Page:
Two new COVID-19 infections on Maui were reported Tuesday, but none of Hawaii’s other counties had new cases of the virus, the Department of Health announced Tuesday.

On Oahu, where the the vast majority of the state’s COVID-19 cases are, officials reported no new cases for the second day in a row.

But two more deaths related to COVID-19 complications occurred Monday evening, taking the state death toll to 12. The Department of Health announced Tuesday morning that an Oahu man and a Maui man had died. Both patients were older than 65 years and had underlying health conditions.

The Maui man had been hospitalized at Maui Memorial Medical Center since late 2019. His infection is believed by health officials to be related to an outbreak that began at the hospital, which as of Monday had infected 36 medical center employees and 20 patients.

People practice social distancing along the Ala Wai Canal before midday due to Coronavirus concerns. April 10, 2020
The largest proportion of hospitalizations for COVID-19 have been among people older than 60. Cory Lum/Civil Beat/2020

“We are saddened by these additional deaths and the toll the pandemic is taking on the families and friends of those affected,” said Gov. David Ige in a statement.

“This is a serious disease especially for those with pre-existing health conditions and older adults. It is critical that we all comply with the stay at home order, practice social distancing, and continue to wear a mask whenever we go out to protect others.”

The Oahu man had been discharged from an unnamed hospital in March, but his health deteriorated and he died at home.

The two new cases of the coronavirus were confirmed on Maui, and brought that island’s infection count to 110 total. Approximately 60 of those patients have recovered and been released from isolation. Seven people on Maui have been hospitalized, and five have died due to COVID-19 complications.

The infection count on Oahu remained at 385 on Tuesday. Nearly 84% of patients, or 322 people have recovered in Honolulu County. Another 48 have been hospitalized and seven have died.

On the Big Island, the total COVID-19 cases remained at 64. No one in Hawaii County has been hospitalized or died because of the coronavirus, the health department reports. As of Tuesday, 38 people on the Big Island had recovered.

Kauai’s COVID-19 case count remains at 21, where it has stayed for more than a week. Seventeen people on Kauai have been released from isolation and one has been hospitalized. No one has died in Kauai County to date.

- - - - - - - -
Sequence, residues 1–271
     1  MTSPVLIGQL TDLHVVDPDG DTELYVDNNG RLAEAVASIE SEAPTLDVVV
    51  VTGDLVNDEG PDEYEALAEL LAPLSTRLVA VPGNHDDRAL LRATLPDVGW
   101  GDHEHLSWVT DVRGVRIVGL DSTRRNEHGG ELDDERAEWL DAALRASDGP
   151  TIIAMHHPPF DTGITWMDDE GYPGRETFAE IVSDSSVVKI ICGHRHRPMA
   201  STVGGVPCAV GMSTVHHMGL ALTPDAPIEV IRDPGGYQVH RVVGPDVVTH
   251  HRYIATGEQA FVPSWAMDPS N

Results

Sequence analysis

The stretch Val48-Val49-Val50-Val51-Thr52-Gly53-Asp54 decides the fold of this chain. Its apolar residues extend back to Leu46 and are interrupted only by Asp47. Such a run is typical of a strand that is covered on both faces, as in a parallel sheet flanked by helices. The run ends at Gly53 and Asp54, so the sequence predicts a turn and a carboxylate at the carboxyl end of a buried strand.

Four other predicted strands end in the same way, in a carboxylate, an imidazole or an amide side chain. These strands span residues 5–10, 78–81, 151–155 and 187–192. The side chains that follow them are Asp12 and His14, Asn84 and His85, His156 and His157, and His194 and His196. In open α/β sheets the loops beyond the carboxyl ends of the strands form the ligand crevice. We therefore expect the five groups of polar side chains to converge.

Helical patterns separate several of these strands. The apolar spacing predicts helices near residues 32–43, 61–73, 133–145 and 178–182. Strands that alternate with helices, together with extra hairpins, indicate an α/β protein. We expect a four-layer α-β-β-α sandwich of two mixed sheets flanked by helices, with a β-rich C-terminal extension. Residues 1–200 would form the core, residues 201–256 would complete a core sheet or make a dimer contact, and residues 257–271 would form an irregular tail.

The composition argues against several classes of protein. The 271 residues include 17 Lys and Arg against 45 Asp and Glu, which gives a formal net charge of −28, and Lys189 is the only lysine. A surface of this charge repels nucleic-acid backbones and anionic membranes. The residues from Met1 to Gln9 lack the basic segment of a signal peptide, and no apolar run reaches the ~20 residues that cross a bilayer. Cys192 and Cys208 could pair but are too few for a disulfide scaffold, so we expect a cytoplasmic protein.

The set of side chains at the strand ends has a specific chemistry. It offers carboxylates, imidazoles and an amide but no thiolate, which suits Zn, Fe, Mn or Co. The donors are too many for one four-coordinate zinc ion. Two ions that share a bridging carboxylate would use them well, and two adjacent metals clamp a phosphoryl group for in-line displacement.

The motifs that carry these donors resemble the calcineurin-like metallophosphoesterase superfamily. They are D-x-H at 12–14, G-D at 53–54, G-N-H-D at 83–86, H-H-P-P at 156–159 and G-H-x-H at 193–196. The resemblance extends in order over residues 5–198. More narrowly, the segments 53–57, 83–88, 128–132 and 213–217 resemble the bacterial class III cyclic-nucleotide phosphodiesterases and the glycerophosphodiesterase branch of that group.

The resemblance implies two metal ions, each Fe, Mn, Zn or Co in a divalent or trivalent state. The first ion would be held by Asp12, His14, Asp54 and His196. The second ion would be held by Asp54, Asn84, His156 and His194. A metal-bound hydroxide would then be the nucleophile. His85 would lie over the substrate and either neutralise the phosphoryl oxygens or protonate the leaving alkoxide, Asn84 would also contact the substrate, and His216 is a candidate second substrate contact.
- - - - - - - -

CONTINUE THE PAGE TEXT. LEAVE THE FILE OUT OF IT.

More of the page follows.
Six state residents have been diagnosed out of state. The state’s COVID-19 case count reached 586 patients Tuesday. Approximately 437 of those confirmed with infections have been released from isolation. Non-hospitalized patients meet the recovery criteria to cease self-quarantine if they have not had a fever for at least three days and at least a week has passed since the onset of their symptoms. All have been required to self-quarantine for two weeks to ensure the virus has passed.

Daily case counts reported by DOH fluctuate and come at a lag, depending on when specimens were collected and where they were processed. The median delay time between a patient’s swab sample and the test result report date is three days, according to the department. The confirmed cases reported each day are likely among patients who had symptoms that date back as many as 10 days prior.

DOH receives electronic reports of positive cases and that’s when it initiates an investigation.

As of Monday, fewer than 4% of cases confirmed were among minors — approximately 22 people aged 18 years and younger. None of them have been hospitalized.

The largest proportion of hospitalizations for COVID-19 have been among people older than 60. 

About one-third of all confirmed cases have been in patients between 20 and 39 years old. Six people in that age range have been hospitalized.

According to the health department, about 35% of COVID-19 cases have been among people aged between 40 and 59. Approximately 28% have been 60 years old and older. As of Monday, 35 seniors, six people between 20 and 39 years old, and another 14 people between 40 and 59 years old were hospitalized.

Hawaii’s statewide stay-at-home order began March 25. Arriving travelers must comply with a mandatory 14-day self-quarantine or risk jail time and a fine. Two visitors were penalized on Tuesday for breaking the order. 

Visitors must cover the costs of quarantine themselves.

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